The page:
So I booked a timeshare in Los Cabos, Mexico, and arranged to go from there to San Francisco for New Year’s.  I had first gone to Cabo two years earlier, nursing a broken heart following my last big breakup.  I had gone alone, to a place I’d long itched to visit (photos of this place had lured me since my married days and through the divorce, when there were plenty of timeshare points, but no time or money for real vacations).  Several breakups later than intended, I had taken myself there at last, bearing a spanking, empty new journal, and a small stack of self-helpish books.  I went down to reflect, conceiving it as a sort of recovery retreat.  I would ponder, contemplate, take in lessons learned, and “tune in my own radio station” as I liked to put it.  The joke was on me:  I never cracked any of those pages.  The stack remained untouched on the table for nine days.  Instead, I had gotten back down with my inner extrovert, located my latent barfly, practiced my Spanish 14 hours a day, and made a pile of new friends.  I’d gone down with a bleeding heart and returned with a smile on my face.  A quick trip back the next year solidified my friendships, and this place in my heart.  Closer to the equator, even at the Solstice the days were longer, the breezes gentler, and the sky hanging over the sea turned pink every night.  I would go back and nurse my bleeding heart once again, staying even longer than before.

But I still couldn’t stand to face the new year in the northeast.  So when an old friend from grad school, who had reconnected with me through Facebook, invited me to stay with her and her husband in San Francisco for a week over New Year’s, I knew I had a plan.  Three weeks over the darkest days of the year were covered, then, and the light would be returning, minute by minute, by the time I’d return to Philly.  I hadn’t been back to San Francisco since before my marriage ended.  I had loved it there, and during my marital years we shuttled back and forth regularly.  But since the split, it had sort of become “his” turf (his parents and kids were there), and I had evaded it like the third rail it might be.  Now it was time to discharge that voltage.  I had found and loved San Francisco well before I met my husband.  I’d been happier there than anywhere else in my adult life, and  I had long-neglected friendships that seemed willing to welcome me back.  It was time to return, revisit, and reclaim a piece of my history.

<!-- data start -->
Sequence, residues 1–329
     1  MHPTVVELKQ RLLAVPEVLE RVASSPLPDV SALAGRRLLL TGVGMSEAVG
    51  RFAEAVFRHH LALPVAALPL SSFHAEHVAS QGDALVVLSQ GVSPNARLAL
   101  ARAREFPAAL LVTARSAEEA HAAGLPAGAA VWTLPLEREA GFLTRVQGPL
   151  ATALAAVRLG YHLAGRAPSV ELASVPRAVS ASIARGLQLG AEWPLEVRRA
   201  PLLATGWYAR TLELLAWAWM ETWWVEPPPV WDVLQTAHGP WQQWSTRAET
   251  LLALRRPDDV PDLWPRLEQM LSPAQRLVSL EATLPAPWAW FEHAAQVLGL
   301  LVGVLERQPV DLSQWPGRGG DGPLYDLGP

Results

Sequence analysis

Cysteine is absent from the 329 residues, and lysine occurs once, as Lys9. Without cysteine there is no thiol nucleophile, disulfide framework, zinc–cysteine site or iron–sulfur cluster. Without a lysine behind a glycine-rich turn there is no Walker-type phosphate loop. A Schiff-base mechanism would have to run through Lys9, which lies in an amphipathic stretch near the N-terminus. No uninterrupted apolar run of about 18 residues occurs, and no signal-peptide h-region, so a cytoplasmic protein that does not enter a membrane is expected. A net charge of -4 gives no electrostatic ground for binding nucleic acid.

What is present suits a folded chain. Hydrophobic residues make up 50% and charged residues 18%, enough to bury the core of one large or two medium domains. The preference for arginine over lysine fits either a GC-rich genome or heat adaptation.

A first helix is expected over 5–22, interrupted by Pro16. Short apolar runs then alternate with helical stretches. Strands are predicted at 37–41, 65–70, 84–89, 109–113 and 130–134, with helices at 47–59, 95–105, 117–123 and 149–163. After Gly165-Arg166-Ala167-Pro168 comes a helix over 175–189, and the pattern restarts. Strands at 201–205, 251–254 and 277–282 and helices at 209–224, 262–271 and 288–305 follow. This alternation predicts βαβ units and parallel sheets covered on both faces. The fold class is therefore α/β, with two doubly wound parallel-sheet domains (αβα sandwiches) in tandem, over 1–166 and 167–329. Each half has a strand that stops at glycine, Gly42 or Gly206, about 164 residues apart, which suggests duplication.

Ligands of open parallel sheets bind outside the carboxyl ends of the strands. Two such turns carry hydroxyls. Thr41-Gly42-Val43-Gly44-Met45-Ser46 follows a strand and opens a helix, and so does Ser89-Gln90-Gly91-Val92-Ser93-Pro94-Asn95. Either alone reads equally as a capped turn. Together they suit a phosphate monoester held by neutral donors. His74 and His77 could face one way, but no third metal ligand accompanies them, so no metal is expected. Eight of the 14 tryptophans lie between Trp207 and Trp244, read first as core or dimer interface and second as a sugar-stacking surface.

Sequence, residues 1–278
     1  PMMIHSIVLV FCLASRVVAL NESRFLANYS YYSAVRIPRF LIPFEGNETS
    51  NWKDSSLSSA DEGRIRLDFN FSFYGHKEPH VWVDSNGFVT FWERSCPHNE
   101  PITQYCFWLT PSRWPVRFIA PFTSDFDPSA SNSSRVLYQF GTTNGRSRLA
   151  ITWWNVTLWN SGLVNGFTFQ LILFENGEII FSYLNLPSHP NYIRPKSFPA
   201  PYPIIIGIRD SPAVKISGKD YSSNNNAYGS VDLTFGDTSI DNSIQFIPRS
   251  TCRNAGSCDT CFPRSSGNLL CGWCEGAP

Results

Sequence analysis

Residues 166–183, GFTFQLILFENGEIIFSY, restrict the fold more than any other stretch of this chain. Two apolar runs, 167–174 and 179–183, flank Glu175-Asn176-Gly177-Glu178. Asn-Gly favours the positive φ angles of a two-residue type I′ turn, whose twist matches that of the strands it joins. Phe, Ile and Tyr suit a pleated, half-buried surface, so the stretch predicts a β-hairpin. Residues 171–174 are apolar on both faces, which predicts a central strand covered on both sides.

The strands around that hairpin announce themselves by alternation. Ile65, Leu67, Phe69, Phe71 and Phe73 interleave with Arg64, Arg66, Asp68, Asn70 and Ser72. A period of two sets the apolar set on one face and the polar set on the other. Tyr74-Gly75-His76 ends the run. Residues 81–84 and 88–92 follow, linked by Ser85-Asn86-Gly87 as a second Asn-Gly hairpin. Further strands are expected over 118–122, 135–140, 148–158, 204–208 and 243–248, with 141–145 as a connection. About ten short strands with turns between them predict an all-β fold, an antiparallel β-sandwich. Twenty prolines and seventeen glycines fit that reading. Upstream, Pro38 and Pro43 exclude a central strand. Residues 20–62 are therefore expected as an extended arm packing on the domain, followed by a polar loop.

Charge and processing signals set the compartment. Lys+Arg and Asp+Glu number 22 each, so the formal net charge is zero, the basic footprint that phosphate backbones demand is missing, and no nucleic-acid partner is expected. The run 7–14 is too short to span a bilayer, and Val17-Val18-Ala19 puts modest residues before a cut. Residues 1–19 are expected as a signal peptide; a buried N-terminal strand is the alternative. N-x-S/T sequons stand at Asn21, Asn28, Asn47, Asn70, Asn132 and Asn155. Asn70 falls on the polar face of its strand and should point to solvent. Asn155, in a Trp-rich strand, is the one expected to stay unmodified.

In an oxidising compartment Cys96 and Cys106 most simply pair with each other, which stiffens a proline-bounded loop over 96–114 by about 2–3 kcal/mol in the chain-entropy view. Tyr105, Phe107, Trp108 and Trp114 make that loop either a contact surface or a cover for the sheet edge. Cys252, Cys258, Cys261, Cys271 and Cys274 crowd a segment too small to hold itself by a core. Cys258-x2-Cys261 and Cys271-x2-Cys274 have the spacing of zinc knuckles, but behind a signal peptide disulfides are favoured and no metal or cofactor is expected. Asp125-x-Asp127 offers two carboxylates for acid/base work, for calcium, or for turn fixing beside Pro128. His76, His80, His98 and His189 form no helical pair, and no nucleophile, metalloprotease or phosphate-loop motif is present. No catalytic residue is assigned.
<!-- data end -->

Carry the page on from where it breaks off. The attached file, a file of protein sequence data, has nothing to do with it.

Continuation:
©2012. All rights reserved.

Zenmaster

I’ve now been back from the Big Drive just about a week, and am getting more lessons in wanting and letting go, being here now, and gratitude.

My sweet Sofia is gravely ill, and I’m not sure how long she has.  I came back from my walkabout not wanting to be here, wanting to be back out west but for Sofie and my guilt over leaving her for so long.  I’d said on arrival that she was the only thing that made the house a home.  Little did I know how true that was, and how sick she already was. Not a week later, I learn she was already well into renal failure. Now I’ve had to put her in the hospital. I came home from the hospital knowing I’d done the right thing, but going home to an empty house, even though she’s alive and getting treated, was excruciating.  The house truly is not a home. Wracked with guilt over my self-indulgent journey that left her to decline so rapidly, I am devastated, and am sparing no energy nor credit card to save her.  While the doctors assure me that end-stage renal failure does not occur in 23 days, I am stricken at having left her for these last few weeks.  Oh, the lessons in wanting.  Right now, all I want is for her to be fine. And that’s not going to happen.  I don’t know what will happen, but I know she’s not going to be fine – that’s the best-case scenario.